25 August. Alistair Darling’s attempt to explain the currency problem in the second leaders TV debate was swamped by interruptions from Alex Salmond and the audience. The Yes campaign appeared to think that they had won the currency argument.

6 September. In a new YouGov opinion poll, support for Yes had increased, and was now greater than support for No.

8 September. American economist Paul Krugman commented that sharing a currency without sharing a government is dangerous, and if Scottish voters really believe that it’s safe to become a country without a currency, they have been badly misled.

10 September. I emailed the Krugman link to some political friends in England.
( http://www.nytimes.com/2014/09/08/opinion/paul-krugman-scots-what-the-heck.html ).

11 September. In a graphic of a new Survation referendum poll, in Metro, the figures were shown the wrong way round. Perhaps someone at Metro had assumed that the popularity of Yes had continued to increase. Actually the trend had reversed.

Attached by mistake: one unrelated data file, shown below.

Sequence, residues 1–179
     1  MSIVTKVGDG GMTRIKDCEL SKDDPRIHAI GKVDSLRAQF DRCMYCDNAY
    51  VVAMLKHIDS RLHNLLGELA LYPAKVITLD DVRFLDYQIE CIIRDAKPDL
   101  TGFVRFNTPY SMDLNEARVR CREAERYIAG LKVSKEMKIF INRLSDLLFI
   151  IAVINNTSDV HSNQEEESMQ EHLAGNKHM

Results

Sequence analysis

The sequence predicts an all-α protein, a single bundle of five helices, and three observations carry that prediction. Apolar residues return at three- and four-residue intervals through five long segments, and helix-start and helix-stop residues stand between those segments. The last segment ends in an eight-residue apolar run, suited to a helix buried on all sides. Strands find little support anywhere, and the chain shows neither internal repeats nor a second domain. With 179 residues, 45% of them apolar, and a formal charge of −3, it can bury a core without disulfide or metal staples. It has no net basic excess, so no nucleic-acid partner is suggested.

12 September. Standing up in a bus to get a Metro, I fell over. The driver and other passengers were a bit upset, and I got a big bruise. Metro had reprinted the graphic with the correct figures and an apology for yesterdays mistake. No had got 53 percent and Yes got 47 percent.

16 September. Three new opinion polls were announced, with 52 percent No and 48 percent Yes. The leaders of the three main pro-union parties promised, in “The Vow”, that if independence was rejected further powers would be devolved to the Scottish Parliament, with a fair share of resources.

18 September. Referendum day. In the middle of the afternoon I went for a walk along a cycle path and past the polling place. I knew which way I wanted to vote but still wasn’t sure that it was my business to do so.

Later. The final opinion poll, taken on voting day, was 53 percent No, 47 percent Yes.

Bedtime. There was a rumour on the radio that North Lanarkshire, which was expected to have a No majority, had voted Yes. I went to bed and left the radio turned on.

19 September, early morning. Soon after midnight the first regional result was announced. Clackmannanshire had voted No, with a larger majority than had been expected.